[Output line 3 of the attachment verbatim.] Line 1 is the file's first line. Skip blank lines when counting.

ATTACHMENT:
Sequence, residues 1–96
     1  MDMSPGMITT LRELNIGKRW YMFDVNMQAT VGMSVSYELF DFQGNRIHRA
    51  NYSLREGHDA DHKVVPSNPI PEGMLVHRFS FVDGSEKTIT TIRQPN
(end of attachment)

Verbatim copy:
    51  NYSLREGHDA DHKVVPSNPI PEGMLVHRFS FVDGSEKTIT TIRQPN